Still further embodiments of the present invention include methods of operating a CAM array by performing a search operation in a staged segment-to-segment manner across a segmented CAM array using a plurality of hybrid comparands. These hybrid comparands are pipelined into the CAM array during consecutive stages of the search operation, and each of the plurality of hybrid comparands may include at least a virtual sector field and a data field. This step of performing a search operation may include applying a virtual sector field (VSEG1) and a first data field (WORD1) of a first hybrid comparand to a first plurality of data lines that are electrically coupled to a first segment of CAM cells in the CAM array, while concurrently applying a data field (WORD2) of a second hybrid comparand to a second plurality of data lines that are electrically coupled to a second segment of CAM cells in the CAM array. Further methods of operating an integrated circuit device may also include decoding a first portion of a first input address into sector, sub-sector and virtual sector addresses and then performing a search operation in a sector of a CAM device that is designated by the sector address. This search operation includes applying a first hybrid comparand comprising the virtual sector address and a second portion of the first input address, to first data lines that are electrically coupled to a CAM array within the sector.

Additional embodiments of the present invention include an integrated circuit system that utilizes CAM operations in conjunction with a processing unit (e.g., CPU). These systems may include a multi-port memory array containing packet header data therein and funnel logic that is configured to generate an N-bit comparand, which includes portions of at least two header fields read from distinct locations in the multi-port memory array. A content addressable memory device is also provided. The CAM device is configured to generate an index in response to application of the N-bit comparand during a search operation. A memory device is also provided having entries of microcode therein. An entry is partitioned into at least a first field that identifies a write address in the multi-port memory array to which the index (or data derived from using the index as a pointer (e.g., into a RAM device)) is to be written. The funnel logic may include a multiplexer that is configured to receive read data from the multi-port memory array and a map table that is configured to pass select signals to the multiplexer, in response to a read address derived from a bit map field within the entry of microcode.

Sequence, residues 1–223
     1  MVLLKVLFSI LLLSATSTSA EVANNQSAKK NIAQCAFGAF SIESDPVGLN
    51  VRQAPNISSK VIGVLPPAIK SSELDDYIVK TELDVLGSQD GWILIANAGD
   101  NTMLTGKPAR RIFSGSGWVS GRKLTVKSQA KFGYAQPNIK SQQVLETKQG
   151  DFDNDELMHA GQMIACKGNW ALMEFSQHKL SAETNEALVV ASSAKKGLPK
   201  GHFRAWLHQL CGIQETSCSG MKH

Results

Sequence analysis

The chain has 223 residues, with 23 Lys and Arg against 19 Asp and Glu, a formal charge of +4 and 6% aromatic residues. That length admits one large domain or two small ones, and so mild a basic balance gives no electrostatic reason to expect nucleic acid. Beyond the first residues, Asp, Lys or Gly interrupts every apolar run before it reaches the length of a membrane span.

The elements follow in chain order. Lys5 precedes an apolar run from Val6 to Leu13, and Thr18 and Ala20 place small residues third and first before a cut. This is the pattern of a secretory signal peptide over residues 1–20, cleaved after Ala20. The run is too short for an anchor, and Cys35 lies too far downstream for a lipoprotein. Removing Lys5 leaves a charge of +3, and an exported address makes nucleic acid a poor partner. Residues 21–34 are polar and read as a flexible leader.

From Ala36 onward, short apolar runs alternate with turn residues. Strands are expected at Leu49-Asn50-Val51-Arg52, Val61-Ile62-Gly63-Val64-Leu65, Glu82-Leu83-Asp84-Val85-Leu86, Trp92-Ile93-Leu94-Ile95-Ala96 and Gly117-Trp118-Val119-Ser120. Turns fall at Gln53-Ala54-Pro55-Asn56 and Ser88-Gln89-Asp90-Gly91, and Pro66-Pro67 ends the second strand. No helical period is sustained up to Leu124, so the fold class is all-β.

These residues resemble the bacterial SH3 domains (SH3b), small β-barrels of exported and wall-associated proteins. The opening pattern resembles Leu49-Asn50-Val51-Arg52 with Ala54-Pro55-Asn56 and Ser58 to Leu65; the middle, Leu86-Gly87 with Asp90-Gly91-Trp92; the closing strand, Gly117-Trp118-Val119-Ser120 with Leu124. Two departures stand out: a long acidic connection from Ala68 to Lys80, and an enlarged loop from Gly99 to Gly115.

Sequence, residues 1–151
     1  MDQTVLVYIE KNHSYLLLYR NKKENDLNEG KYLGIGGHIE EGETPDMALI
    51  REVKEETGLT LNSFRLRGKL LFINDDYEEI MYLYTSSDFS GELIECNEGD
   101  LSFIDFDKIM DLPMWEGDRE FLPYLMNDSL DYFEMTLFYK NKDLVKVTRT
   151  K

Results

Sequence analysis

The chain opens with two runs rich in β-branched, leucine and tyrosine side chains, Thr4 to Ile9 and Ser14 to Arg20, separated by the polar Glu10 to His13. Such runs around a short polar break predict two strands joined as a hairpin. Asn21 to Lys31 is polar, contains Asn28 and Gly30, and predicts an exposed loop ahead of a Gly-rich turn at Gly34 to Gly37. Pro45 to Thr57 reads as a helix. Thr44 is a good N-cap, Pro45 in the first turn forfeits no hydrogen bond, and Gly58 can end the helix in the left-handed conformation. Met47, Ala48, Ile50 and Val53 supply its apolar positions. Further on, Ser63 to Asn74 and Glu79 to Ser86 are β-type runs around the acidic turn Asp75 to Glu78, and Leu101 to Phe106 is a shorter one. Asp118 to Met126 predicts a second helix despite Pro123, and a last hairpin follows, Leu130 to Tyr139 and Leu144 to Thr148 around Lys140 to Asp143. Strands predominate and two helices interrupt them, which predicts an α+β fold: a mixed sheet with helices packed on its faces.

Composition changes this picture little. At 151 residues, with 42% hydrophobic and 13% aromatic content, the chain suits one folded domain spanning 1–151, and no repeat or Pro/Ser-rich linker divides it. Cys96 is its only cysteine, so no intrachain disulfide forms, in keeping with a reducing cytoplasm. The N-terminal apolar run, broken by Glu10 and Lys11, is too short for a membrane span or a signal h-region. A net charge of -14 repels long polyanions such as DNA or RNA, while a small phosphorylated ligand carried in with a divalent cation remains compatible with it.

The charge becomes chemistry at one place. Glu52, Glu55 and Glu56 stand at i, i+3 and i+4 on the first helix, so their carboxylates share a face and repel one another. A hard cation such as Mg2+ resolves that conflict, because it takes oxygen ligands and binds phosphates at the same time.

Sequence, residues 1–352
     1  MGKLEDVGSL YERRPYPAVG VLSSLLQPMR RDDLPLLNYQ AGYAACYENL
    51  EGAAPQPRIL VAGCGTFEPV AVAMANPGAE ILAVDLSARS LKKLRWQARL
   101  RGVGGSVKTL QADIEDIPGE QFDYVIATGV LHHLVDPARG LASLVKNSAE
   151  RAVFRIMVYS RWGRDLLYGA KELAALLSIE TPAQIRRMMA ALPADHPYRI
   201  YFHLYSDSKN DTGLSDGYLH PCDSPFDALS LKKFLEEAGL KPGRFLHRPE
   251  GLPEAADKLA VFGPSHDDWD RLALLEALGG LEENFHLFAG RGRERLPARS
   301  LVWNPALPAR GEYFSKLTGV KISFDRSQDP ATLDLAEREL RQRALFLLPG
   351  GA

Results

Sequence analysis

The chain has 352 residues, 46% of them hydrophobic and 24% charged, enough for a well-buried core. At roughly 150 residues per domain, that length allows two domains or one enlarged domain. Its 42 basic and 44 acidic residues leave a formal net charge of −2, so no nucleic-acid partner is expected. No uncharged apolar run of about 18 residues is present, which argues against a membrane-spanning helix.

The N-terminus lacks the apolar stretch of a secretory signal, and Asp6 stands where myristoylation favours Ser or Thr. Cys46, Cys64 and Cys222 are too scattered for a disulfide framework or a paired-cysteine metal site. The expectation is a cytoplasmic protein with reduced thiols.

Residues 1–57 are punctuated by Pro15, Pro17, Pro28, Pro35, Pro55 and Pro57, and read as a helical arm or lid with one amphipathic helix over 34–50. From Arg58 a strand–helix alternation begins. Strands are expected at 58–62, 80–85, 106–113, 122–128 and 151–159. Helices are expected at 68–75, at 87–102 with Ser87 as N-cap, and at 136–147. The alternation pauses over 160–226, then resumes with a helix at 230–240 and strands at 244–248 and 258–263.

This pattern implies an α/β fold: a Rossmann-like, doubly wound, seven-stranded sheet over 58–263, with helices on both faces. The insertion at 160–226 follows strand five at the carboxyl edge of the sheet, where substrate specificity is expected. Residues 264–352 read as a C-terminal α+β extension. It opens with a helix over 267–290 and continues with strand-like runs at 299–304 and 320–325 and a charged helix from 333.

BRIEF DESCRIPTION OF THE DRAWINGS

FIG. 1 is an electrical schematic of a row of CAM cells having a match line signal repeater therein, according to the prior art.

FIG. 2 is an electrical schematic of a row of CAM cells having a dual-capture match line signal repeater therein according to embodiments of the present invention. This row is divided into two halves, with FIG. 2A illustrating a left half (columns <0:39>) and FIG. 2B illustrating a right half (columns <40:79>).

FIG. 3 is a timing diagram that illustrates the timing of control signals applied to the dual-capture match line signal repeater of FIG. 2, according to additional embodiments of the present invention.

FIG. 4 is a block diagram of an XY ternary CAM (TCAM) cell that may be used in the embodiment of FIG. 2.

FIG. 5A is a block diagram of an address conversion circuit that is configured to convert a portion of an input address into sector, sub-sector and virtual sector addresses, according to further embodiments of the present invention.

FIG. 5B is a block diagram of an address conversion circuit that is configured to convert a portion of an input address into sub-sector and virtual sector addresses, according to embodiments of the present invention.

FIG. 5C is a block diagram of an address evaluation circuit according to a further embodiment of the present invention.

FIG. 6 is a block diagram of a CAM array block according to embodiments of the present invention.

FIG. 7 illustrates an integrated circuit system that uses a CAM device to support bit repacking.

DETAILED DESCRIPTION OF PREFERRED EMBODIMENTS